Tuesday, March 30, 2010
It's been a rough week.
Yes, it's only Tuesday-- but it still feels like a week best remedied by a combination of Bailey's and calories. I don't have any specific measurements for this recipe mainly because people have such varying tastes for their milkshakes. Some people like them thicker, some like them thinner. Some prefer more chocolate, some less. Some people prefer just a faint flavor of the liquor, some might choose to empty out their bottle. No comment on where we fell on that scale! This was such a nice treat that although simple, I still felt the need to blog about it! As we head into some (hopefully) warm spring and summer weather, this shake is the perfect cap on a long day.
Bailey's Caramel Shake
2-3 scoops of vanilla ice cream
milk (amount depending on how thick you want your shake-- it's always easier to add more)
Bailey's Caramel to taste
Sunday, March 28, 2010
I am completely and utterly in love with this soup.
I'm not sure if it was the rustic look of all of the ingredients thrown together in the pot, the unbelievable smell of the fresh herbs simmering on the stove, or the comfort of being able to put it together while working with my mother in the kitchen, but I LOVE this soup! The stock was so rich and dark that it almost looked more like a beef broth. I'm pretty sure that just the idea of this soup could instantly cure any ailment and it will certainly be my new 'go to' chicken soup.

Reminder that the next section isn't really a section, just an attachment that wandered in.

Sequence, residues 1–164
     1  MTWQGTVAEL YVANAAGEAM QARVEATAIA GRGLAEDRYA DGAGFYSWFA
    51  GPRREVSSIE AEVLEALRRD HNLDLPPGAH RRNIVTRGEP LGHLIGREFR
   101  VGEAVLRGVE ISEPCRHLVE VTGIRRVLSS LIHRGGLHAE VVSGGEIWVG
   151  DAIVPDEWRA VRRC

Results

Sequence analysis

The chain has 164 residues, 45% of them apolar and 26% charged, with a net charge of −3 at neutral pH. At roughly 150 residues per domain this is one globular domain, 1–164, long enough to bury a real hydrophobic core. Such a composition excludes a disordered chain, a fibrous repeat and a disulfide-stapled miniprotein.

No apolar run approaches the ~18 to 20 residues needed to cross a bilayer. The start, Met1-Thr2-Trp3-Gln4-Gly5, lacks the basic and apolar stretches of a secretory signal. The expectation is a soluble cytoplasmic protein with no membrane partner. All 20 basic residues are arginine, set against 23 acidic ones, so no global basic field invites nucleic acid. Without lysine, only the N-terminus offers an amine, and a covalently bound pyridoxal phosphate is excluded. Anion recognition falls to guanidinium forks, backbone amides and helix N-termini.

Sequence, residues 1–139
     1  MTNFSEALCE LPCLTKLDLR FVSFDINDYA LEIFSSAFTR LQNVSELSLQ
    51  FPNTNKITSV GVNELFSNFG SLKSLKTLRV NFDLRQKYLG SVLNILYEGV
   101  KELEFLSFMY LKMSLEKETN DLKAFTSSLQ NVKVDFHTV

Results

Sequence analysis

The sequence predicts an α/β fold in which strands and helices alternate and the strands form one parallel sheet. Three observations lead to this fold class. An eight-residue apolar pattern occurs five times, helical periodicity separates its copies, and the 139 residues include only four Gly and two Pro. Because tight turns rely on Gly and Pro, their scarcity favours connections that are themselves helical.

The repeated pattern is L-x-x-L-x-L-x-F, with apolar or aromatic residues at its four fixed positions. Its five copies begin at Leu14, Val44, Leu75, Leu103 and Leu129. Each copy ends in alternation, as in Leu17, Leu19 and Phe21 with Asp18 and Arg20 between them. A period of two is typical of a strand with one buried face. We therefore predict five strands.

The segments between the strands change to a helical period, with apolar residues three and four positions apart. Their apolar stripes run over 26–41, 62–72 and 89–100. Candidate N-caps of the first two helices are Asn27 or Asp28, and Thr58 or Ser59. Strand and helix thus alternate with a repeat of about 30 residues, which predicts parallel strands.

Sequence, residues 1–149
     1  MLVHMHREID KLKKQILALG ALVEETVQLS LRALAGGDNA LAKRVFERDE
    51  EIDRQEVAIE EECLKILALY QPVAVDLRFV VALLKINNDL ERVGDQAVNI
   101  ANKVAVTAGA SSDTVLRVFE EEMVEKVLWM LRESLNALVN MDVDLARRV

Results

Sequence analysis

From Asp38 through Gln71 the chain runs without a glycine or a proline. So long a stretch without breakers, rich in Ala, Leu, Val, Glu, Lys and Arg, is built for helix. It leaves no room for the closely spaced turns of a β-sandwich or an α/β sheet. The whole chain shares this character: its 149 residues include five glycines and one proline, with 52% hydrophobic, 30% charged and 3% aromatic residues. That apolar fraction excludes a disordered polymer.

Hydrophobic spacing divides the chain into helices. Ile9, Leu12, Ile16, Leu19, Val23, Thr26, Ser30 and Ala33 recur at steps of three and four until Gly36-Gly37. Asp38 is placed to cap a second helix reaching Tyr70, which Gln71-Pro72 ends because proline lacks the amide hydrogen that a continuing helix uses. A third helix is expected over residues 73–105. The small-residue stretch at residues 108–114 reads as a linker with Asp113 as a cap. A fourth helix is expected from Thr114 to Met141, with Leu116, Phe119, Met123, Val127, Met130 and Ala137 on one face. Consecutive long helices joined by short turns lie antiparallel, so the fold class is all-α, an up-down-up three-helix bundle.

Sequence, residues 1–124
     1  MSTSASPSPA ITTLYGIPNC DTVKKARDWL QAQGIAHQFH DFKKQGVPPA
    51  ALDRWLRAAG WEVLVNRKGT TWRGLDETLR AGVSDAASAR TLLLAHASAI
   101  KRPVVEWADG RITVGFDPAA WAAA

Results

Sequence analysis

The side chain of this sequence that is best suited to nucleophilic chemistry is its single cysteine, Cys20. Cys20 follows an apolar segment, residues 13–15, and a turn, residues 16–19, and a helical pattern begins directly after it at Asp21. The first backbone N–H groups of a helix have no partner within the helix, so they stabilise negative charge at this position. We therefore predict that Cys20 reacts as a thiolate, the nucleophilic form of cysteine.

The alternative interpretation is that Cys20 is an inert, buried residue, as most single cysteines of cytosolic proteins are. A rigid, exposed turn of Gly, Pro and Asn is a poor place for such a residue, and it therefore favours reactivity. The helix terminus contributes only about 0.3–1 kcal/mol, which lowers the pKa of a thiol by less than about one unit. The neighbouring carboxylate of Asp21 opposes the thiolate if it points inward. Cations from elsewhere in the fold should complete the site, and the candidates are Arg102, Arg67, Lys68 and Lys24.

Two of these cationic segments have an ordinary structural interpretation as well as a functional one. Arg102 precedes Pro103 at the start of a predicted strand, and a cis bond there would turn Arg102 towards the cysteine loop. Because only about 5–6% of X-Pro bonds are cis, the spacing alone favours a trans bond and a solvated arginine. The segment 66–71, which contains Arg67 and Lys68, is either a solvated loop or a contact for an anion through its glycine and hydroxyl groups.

(This chicken stock will last for 5 days in the refrigerator and 6 months in the freezer. It is a great one to make ahead and keep on hand to use as needed.)
Homemade Chicken Stock
3 (5 pound) roasting chickens
3 large onions, unpeeled and quartered
6 carrots, unpeeled and halved
4 celery stalks with leaves, cut in thirds
4 parsnips, unpeeled and cut in half
20 fresh parsley sprigs
15 fresh thyme sprigs
20 fresh dill sprigs
1 head garlic, unpeeled and cut in half crosswise
2 tablespoons kosher salt
2 teaspoons whole black peppercorns
Place the chickens, onion, carrots, celery, parsnips, parsley, thyme, dill, garlic, salt, and pepper in a 16-20 quart stockpot. Add 7 quarts of water and bring to a boil over high heat. Skim any foam that comes to the surface. Lower the heat and simmer, uncovered, for 4 hours. Strain the entire contents of the pot through a colander, discarding the solids. Pack in quart containers and refrigerate. When the stock is cold, remove the surface fat and refrigerate again. (Makes 6 quarts.)
Source: Back to Basics, Barefoot Contessa
Wednesday, March 10, 2010
Tortellini with Peas and Prosciutto
1 pound meat-filled tortellini
2 tablespoons extra-virgin olive oil
4 ounces prosciutto, finely chopped
3 cloves garlic, thinly sliced
1 tablespoon tomato paste
1/4 cup heavy cream
1 cup frozen peas, thawed (I used petite peas)
2 tablespoons chopped parsley
1/2 cup grated parmesan cheese
Bring a large pot of salted water to a boil. Add the tortellini and cook as the label directs. Meanwhile, heat a large skillet over medium heat. Add the olive oil and prosciutto and cook until crisp, 3-4 minutes. Stir in the garlic and tomato paste and cook until fragrant, about one minute. Ladle in about 1 cup of the pasta cooking water and simmer until reduced by about half, 3-4 minutes. Add the cream and simmer until slightly thickened, 2-3 minutes. About 2 minutes before the tortellini are done, add the peas to the boiling water and cook until just tender. Drain the tortellini and peas and add to the skillet, tossing to coat with the sauce. Stir in the parsley and sprinkle with parmesan cheese.
Source: Food Network Magazine, April 2010